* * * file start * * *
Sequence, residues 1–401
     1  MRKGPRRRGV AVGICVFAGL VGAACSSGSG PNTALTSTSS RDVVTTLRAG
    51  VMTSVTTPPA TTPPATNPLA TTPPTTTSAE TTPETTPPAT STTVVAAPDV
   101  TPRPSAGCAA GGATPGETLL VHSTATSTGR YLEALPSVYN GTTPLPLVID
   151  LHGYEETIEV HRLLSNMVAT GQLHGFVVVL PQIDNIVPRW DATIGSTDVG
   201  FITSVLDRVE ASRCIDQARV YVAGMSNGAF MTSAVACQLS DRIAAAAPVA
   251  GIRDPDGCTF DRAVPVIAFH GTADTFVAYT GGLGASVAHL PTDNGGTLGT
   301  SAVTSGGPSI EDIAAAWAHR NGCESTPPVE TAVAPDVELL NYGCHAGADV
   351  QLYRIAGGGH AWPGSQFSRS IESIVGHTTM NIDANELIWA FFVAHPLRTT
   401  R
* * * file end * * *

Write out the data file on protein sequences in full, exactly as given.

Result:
Sequence, residues 1–401
     1  MRKGPRRRGV AVGICVFAGL VGAACSSGSG PNTALTSTSS RDVVTTLRAG
    51  VMTSVTTPPA TTPPATNPLA TTPPTTTSAE TTPETTPPAT STTVVAAPDV
   101  TPRPSAGCAA GGATPGETLL VHSTATSTGR YLEALPSVYN GTTPLPLVID
   151  LHGYEETIEV HRLLSNMVAT GQLHGFVVVL PQIDNIVPRW DATIGSTDVG
   201  FITSVLDRVE ASRCIDQARV YVAGMSNGAF MTSAVACQLS DRIAAAAPVA
   251  GIRDPDGCTF DRAVPVIAFH GTADTFVAYT GGLGASVAHL PTDNGGTLGT
   301  SAVTSGGPSI EDIAAAWAHR NGCESTPPVE TAVAPDVELL NYGCHAGADV
   351  QLYRIAGGGH AWPGSQFSRS IESIVGHTTM NIDANELIWA FFVAHPLRTT
   401  R